Silent crisis: 1 in 5 American kids is poor

Story highlights

  • John Sutter talks child poverty with the CEO of the Annie E. Casey Foundation
  • 1 in 5 kids in the United States lives below the federal poverty line
  • Among rich countries, the U.S. ranks second to last for its rate of child poverty
  • Detroit has a staggering child poverty rate of 59%; Cleveland, 54%
I know, I know, I know. There's enough bad news in the world. You don't want to hear any more of it from me. But #sorrynotsorry. I'm here to bombard you with another catastrophe that isn't making headlines like Ebola and ISIS: the astounding rate of child poverty in the richest country in the world.
Don't get too panicked, though, because this is a crisis with tangible solutions. Twenty percent of American kids live in poverty, according to the latest data from the Census Bureau, which considers a family of four living on less than $23,624 to be poor. The United States actually has the second-highest rate of child poverty in the rich world, according to a 2013 report from UNICEF. Only Romania fares worse.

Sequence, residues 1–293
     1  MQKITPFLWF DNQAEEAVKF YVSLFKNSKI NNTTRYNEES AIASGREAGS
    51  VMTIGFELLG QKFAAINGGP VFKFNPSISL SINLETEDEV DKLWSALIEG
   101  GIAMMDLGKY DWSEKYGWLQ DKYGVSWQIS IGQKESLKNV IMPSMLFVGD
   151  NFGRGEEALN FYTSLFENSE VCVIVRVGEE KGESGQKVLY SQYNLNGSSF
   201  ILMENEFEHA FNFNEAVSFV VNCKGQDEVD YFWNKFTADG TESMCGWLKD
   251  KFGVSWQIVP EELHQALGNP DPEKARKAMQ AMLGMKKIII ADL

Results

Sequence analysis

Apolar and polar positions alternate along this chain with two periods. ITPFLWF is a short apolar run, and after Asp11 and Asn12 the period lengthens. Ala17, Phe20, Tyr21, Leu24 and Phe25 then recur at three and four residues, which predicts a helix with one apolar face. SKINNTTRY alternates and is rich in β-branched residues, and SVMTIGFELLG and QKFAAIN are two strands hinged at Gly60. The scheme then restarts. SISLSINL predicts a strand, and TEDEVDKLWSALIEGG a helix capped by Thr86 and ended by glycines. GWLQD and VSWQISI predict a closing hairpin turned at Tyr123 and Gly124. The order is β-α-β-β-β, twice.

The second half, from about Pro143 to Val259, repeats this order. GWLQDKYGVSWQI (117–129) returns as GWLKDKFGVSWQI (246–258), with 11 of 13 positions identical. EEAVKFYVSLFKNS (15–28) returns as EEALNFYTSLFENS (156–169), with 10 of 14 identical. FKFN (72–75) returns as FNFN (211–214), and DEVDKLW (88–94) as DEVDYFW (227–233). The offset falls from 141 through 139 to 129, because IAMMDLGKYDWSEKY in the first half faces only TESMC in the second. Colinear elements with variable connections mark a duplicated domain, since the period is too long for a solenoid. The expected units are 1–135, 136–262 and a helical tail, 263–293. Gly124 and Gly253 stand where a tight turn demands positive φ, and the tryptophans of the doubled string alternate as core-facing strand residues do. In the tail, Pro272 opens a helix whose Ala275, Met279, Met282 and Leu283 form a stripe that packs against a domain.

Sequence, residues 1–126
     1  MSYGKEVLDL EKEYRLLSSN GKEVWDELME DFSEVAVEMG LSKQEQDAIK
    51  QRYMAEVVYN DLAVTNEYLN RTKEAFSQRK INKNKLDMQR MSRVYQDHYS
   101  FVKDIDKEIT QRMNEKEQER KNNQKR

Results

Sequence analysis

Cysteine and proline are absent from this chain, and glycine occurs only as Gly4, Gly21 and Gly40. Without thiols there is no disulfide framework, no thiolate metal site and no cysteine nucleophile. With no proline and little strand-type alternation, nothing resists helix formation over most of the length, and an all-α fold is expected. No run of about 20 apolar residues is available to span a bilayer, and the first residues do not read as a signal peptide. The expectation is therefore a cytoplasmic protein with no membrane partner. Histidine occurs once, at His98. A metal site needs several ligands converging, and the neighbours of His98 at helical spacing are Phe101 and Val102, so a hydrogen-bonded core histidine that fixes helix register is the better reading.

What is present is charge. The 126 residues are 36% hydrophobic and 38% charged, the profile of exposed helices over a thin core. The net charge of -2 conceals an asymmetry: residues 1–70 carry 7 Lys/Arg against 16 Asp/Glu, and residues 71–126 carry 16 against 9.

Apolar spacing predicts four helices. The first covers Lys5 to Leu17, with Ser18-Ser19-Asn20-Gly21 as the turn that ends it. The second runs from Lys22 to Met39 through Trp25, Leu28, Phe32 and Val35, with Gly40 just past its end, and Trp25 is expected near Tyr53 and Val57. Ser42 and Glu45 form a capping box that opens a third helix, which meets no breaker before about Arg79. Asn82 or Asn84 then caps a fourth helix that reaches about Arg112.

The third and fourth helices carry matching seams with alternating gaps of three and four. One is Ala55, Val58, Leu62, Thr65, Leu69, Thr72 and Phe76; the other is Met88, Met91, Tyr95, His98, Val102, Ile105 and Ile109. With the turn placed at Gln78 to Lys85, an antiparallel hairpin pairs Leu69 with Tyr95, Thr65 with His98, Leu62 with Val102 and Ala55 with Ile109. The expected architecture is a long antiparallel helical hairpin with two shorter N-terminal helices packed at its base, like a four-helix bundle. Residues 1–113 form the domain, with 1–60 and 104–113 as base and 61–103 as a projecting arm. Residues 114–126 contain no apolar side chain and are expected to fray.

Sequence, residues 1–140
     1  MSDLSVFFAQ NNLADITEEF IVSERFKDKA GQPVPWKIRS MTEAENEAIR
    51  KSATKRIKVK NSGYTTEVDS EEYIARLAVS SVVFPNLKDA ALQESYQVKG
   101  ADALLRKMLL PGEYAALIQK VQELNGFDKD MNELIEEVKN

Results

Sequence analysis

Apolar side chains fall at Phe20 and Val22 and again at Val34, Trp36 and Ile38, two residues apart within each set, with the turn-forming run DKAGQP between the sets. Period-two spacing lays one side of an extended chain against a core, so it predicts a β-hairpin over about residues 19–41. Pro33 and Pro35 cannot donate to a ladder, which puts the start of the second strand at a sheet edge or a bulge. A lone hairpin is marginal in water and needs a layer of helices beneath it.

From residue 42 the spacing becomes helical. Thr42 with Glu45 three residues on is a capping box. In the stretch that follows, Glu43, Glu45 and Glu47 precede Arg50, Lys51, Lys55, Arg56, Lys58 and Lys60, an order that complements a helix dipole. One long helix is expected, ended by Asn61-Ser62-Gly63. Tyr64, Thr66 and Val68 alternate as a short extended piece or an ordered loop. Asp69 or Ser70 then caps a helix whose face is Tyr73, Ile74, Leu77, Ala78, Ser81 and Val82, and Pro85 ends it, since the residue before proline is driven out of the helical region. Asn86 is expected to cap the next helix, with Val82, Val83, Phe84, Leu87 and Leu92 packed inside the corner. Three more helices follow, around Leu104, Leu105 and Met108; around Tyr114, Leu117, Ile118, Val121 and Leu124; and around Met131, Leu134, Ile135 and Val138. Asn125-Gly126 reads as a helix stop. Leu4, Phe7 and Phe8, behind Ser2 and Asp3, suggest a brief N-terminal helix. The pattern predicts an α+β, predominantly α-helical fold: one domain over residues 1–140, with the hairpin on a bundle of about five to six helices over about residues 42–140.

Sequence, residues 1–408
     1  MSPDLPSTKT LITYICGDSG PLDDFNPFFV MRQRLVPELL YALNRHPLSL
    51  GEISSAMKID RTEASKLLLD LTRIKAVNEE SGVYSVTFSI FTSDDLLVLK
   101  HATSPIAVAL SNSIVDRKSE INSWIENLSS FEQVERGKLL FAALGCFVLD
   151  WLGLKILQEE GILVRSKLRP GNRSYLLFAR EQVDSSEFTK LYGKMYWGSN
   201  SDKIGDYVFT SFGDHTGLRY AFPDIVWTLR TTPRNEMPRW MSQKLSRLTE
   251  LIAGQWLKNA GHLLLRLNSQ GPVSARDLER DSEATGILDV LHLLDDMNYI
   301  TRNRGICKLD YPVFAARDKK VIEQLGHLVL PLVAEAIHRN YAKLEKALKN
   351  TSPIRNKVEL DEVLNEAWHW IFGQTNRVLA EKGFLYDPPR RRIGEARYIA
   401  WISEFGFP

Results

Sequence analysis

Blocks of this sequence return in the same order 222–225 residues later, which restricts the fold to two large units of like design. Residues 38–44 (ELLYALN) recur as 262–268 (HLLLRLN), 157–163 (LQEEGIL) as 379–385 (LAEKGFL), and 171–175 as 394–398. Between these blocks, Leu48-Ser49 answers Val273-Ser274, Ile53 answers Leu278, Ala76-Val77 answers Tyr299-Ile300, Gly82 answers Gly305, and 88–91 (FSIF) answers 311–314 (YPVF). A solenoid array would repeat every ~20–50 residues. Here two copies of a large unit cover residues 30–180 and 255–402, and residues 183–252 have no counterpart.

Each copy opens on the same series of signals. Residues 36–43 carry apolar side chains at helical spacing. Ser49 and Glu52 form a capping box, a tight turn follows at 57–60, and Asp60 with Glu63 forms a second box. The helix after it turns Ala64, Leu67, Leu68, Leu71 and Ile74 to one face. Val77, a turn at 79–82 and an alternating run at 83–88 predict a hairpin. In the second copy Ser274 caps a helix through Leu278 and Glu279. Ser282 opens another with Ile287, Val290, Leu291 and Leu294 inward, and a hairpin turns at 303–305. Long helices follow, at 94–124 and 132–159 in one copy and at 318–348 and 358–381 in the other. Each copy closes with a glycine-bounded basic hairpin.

But after chatting Tuesday morning with Patrick McCarthy, president and CEO of the Annie E. Casey Foundation, which publishes the helpful Kids Count reports on child poverty and funds solutions, I'm left with the sense that this is a slow-drip crisis that can be stopped.
I talked with McCarthy, who is started his career as a psychiatric social worker and holds a doctorate in social work and social research, as a primer for an upcoming Change the List project on child poverty in the United States. You voted for me to cover this topic as part of that reader-driven series, which focuses on bottom-of-the-list places and issues.
John D. Sutter